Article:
Working Locally

From site setbacks to window sills, an incredible amount of time, research, debate and arduous decision making goes into the planning and execution of any building project – so much so that it can sometimes be difficult to take a step back and ask: What’s the big picture here? What will matter once the dust has settled at the construction site and what was just an idea for a building has been materialized?

For the team at Banwell, we’re always striving to keep the big picture in perspective, for our clients and for the communities in which the buildings we design will occupy and serve. Over the course of the last few years we have had had the opportunity to work on several very local projects that we can walk or bike to from our office. On a jog from my house in Lebanon last month, I ran past three local projects that were either under construction or are nearing completion for local clients Geokon, Bio X Cell and Creare and I’m no marathon runner! Projects so close to home bring the big picture into sharp relief. By working locally, we enjoy the privilege of impacting the physical fabric of our own environment. When our work is close to home, our clients are our neighbors both present and future and our hope is that the work we do can participate in virtuous cycles of thoughtful development and investment at home.

Our recently completed engineering and administrative office building for Geokon is an example of local work which participates in this dynamic. Geokon has a long history as a Lebanon, NH business. Founded in 1979, this globally recognized company has occupied and grown at their current address in a sleepy and often forgotten corner of town on Spencer Street. When Banwell Architects was approached in 2017 about a potential expansion to a site directly across the street from their current facility, we enthusiastically agreed to partner in their efforts. The new building would be called Geokon North.

In a parallel effort, the City of Lebanon in 2016 was engaged in a Visioning Study whose objective was to identify locations and project outcomes for urban development in Lebanon’s Central Business District. In that plan, the Spencer Street corridor was identified as a location for increased density and the site of mixed-use development which would include business, retail and residential uses alongside streetscape improvements that would transform and vastly improve the public space of the area.

Geokon North is sited in a FEMA identified flood plain. As such, regulations require the first floor of any new development be located 1’ above what is known as the base flood elevation. At the same time, one of Geokon’s objectives for the new building design was to create a sense of campus such that interdisciplinary collaboration could be maintained as a cornerstone of their business culture. The trifecta of these apparently competing mandates from the City Vision, the Floodplain Regulations and client culture created a conundrum: How could we connect the new building to the existing manufacturing facility across the road visually and physically without robbing the street of it’s vitality when the first floor of the building was to be located three and a half feet above adjacent grade?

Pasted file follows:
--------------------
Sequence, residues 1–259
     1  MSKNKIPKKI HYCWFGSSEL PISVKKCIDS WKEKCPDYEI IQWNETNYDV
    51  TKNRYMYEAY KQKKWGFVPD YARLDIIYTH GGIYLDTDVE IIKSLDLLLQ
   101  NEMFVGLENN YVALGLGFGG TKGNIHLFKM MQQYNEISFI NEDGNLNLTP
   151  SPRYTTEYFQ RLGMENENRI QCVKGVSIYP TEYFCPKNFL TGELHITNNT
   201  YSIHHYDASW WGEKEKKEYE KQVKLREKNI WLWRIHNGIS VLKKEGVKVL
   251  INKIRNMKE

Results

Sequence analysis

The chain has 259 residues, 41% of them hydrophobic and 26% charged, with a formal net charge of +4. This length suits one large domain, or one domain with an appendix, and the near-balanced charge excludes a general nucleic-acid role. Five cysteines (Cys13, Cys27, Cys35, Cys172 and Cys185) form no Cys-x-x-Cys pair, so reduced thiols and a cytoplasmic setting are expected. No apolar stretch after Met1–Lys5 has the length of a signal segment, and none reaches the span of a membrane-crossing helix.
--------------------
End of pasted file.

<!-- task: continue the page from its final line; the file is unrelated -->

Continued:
This challenge was answered with a few interconnected aspects of the design. The first was the site planning. Staff and visitor parking were relegated to the side and back of the new building so the areas abutting Spencer Street and connecting to the existing building would be reserved for pedestrian use. The second was the location of significant spaces inside the building. Key public functions of the lobby and staff break room are located in the southeastern and southwestern corners respectively, facing the existing building. These spaces are connected to the exterior visually with large panes of storefront glass. The third feature is an elevated porch that links the building to the surrounding streetscape. An extended covered area provides a place for staff breaks and impromptu meetings which enliven the Spencer street side of the project. A large planter elevated midway between street level and the porch terraces the transition between street and first floor level while making the area attractive and code-compliant without the visional imposition of a protective guardrail. A board-formed concrete retaining wall and parallel planting area brings texture and an organic element to the functional to aspects of the retaining wall. Finally, at the street, a segment of sidewalk was installed parallel to Spencer Street on the Geokon North parcel. While currently alien to the remainder of the Spencer Street streetscape, this disconnected piece of sidewalk foretells of a district that will someday be vibrant with pedestrians walking to work or stepping out for coffee at Lucky’s or another yet-to-be local establishment.

In Fall of 2019, around the time of Geokon North’s completion, Banwell Architects was invited to further develop a campus image to anticipate their future stake in the neighborhood. Meanwhile, the adjacent property at 37 Spencer Street has received approval for 25 residential units at the site of a former steel manufacturing facility and a nearby 2-acre parcel at 20 Spencer Street has received approval for a 94-unit development with a “pocket park” and restaurant. So, while the dust has settled at our project and allowed a bit of time for reflection, it is about to be kicked up again in near proximity. We’ll be watching these projects closely to see how they negotiate the demands of development with the vision for placemaking outlined by the city and its constituents. Our hope is that the many small decisions made at Geokon add up to a big picture of a building that functions exceptionally well for its occupants while leading the way towards positive change in a neighborhood primed for improvement!